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On that May evening I had worked home plate in a Double A  game in Orlando between the Savannah Braves, the AA affiliate of the Atlanta Braves, and the Orlando Twins, the AA affiliate of the Minnesota Twins.  The Braves won that night behind a young righthanded pitcher named Ricky Mahler (later to play in the big leagues with Atlanta).  Afterwards, there was a knock on the umpire’s dressing room door.

My partner got up and opened the door and Henry Aaron stuck his head inside and asked, “Would you guys mind if I asked you a couple of questions?”

I was stunned, of course, recognizing Aaron immediately.  Seriously…how many times does Hank Aaron knock on your door and ask to come in.

I motioned him in, offered him a half-mutilated folding chair to sit on, and he began by asking my opinion of Ricky Mahler’s performance that night.  Aaron, at the time, was serving as the farm director of the Braves organization, and it was his job to assess the progress of their top drafted prospects.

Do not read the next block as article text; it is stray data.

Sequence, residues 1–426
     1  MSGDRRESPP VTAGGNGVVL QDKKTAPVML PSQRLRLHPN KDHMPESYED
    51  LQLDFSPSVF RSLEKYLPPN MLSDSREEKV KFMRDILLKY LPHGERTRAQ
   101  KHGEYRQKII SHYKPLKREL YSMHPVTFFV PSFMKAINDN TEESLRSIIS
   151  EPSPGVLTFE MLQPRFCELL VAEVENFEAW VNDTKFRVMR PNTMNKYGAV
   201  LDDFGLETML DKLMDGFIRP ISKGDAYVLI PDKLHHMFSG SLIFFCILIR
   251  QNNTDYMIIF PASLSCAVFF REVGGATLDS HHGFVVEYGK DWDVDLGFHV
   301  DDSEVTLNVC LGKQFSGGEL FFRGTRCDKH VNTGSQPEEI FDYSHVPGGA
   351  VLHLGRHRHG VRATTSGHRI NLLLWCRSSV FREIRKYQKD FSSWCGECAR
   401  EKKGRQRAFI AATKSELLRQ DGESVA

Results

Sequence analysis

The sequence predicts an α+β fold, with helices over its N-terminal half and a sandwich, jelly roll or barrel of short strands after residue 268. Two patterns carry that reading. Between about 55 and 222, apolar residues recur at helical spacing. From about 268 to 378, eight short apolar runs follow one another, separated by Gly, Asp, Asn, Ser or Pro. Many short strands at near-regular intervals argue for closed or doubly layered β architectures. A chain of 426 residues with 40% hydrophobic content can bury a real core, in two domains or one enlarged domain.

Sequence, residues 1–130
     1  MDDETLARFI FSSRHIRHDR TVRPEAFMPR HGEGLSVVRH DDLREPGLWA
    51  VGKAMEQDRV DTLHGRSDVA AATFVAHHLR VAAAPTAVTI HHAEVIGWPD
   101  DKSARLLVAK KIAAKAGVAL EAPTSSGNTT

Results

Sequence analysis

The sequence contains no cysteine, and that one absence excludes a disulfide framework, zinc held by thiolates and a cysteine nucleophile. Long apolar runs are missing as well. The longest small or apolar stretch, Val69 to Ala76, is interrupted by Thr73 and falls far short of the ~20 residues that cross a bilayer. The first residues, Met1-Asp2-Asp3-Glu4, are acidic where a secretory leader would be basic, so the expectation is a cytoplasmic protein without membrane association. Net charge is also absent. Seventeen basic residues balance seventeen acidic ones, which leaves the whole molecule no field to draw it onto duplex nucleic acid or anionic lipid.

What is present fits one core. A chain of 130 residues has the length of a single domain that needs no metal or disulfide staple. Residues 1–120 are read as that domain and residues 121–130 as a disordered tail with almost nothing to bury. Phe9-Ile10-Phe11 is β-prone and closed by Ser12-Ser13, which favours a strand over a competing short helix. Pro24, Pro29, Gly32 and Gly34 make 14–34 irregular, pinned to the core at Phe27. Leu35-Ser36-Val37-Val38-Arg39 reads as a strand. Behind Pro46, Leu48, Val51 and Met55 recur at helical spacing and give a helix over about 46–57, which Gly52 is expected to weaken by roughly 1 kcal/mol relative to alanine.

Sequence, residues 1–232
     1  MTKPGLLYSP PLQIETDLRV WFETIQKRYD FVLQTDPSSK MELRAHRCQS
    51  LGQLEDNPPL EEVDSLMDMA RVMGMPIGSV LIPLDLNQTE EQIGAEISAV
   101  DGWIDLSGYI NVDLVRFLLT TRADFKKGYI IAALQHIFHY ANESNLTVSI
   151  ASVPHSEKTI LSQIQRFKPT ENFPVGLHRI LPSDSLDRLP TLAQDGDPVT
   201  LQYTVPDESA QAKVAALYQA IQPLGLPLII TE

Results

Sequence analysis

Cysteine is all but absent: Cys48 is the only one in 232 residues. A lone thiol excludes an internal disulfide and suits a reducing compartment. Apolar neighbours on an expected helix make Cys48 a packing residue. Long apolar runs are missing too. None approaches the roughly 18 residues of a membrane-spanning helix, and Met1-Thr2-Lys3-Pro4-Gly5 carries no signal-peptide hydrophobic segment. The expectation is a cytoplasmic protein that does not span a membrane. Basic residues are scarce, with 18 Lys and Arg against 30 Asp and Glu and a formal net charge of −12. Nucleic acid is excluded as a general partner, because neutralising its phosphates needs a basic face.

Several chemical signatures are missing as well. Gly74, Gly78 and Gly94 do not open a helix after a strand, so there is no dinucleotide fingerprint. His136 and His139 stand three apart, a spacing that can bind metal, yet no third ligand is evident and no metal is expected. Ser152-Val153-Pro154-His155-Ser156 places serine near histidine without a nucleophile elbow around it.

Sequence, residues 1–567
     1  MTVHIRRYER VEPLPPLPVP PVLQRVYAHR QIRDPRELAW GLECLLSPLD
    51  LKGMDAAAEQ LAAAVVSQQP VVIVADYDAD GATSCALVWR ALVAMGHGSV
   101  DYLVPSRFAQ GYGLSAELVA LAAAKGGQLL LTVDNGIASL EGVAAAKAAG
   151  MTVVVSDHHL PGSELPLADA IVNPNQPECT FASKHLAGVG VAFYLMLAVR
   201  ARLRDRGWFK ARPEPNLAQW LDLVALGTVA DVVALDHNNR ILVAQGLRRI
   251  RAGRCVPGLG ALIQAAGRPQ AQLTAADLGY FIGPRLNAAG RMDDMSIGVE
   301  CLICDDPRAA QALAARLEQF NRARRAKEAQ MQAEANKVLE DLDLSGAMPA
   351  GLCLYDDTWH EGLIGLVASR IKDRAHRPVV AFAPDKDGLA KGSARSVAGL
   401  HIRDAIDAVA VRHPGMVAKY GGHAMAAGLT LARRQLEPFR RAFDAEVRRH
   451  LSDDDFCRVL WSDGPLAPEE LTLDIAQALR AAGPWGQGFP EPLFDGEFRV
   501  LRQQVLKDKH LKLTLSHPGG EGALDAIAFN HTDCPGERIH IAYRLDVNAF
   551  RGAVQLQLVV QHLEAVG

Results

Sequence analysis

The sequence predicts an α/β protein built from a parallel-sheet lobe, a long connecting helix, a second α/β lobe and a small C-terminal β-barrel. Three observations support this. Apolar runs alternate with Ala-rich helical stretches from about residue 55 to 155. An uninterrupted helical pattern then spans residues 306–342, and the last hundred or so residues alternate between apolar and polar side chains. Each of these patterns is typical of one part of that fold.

Struck by the irony, I asked, “Why would you ask me, after all the years in baseball that you have?  I’m sure you’ve seen a lot of Ricky Mahlers.”

Aaron just smiled and said, “Yes, but not from your perspective.  Tell me what you can about his breaking pitches and fastball…compared to the Twins’ pitcher.”

We talked for a moment or so before Aaron thanked me and turned for the door.  I stopped him, calling him by his first name.

“Hank, I’d like to ask you a question.”  He smiled and turned around.

“I live in Ohio, near Springfield…where Harvey Haddix lives,”  I said.  “And I wondered if you would tell me about the night in 1959 when he pitched the twelve-inning perfect game against the Braves in Milwaukee?  I know you were on that Braves team, and scored the winning run in the 13th inning.”

A year later after pitching his 12-inning gem, Springfield native Harvey Haddix was actually the winning pitcher in game 7 of the 1960 World Series, against the Yankees.